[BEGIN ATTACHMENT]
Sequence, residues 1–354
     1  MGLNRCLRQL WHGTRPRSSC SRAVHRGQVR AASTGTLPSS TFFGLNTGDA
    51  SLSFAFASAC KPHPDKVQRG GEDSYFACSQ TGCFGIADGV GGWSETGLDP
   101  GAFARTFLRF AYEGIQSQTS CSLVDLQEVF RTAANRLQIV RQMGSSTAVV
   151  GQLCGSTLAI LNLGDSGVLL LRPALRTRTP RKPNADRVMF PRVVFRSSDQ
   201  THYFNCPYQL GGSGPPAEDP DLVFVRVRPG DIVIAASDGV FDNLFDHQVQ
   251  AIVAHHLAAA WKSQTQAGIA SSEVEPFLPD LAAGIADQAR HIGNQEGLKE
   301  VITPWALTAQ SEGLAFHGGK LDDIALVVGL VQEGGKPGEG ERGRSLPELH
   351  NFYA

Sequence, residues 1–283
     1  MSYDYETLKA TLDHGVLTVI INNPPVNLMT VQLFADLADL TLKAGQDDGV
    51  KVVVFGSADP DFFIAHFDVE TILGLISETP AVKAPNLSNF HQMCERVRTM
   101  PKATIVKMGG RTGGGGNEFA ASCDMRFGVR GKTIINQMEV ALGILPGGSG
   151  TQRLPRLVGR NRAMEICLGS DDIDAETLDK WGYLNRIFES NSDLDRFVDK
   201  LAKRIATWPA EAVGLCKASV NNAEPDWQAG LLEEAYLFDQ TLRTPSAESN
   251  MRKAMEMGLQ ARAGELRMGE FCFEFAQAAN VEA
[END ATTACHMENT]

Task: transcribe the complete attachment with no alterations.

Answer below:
Sequence, residues 1–354
     1  MGLNRCLRQL WHGTRPRSSC SRAVHRGQVR AASTGTLPSS TFFGLNTGDA
    51  SLSFAFASAC KPHPDKVQRG GEDSYFACSQ TGCFGIADGV GGWSETGLDP
   101  GAFARTFLRF AYEGIQSQTS CSLVDLQEVF RTAANRLQIV RQMGSSTAVV
   151  GQLCGSTLAI LNLGDSGVLL LRPALRTRTP RKPNADRVMF PRVVFRSSDQ
   201  THYFNCPYQL GGSGPPAEDP DLVFVRVRPG DIVIAASDGV FDNLFDHQVQ
   251  AIVAHHLAAA WKSQTQAGIA SSEVEPFLPD LAAGIADQAR HIGNQEGLKE
   301  VITPWALTAQ SEGLAFHGGK LDDIALVVGL VQEGGKPGEG ERGRSLPELH
   351  NFYA

Sequence, residues 1–283
     1  MSYDYETLKA TLDHGVLTVI INNPPVNLMT VQLFADLADL TLKAGQDDGV
    51  KVVVFGSADP DFFIAHFDVE TILGLISETP AVKAPNLSNF HQMCERVRTM
   101  PKATIVKMGG RTGGGGNEFA ASCDMRFGVR GKTIINQMEV ALGILPGGSG
   151  TQRLPRLVGR NRAMEICLGS DDIDAETLDK WGYLNRIFES NSDLDRFVDK
   201  LAKRIATWPA EAVGLCKASV NNAEPDWQAG LLEEAYLFDQ TLRTPSAESN
   251  MRKAMEMGLQ ARAGELRMGE FCFEFAQAAN VEA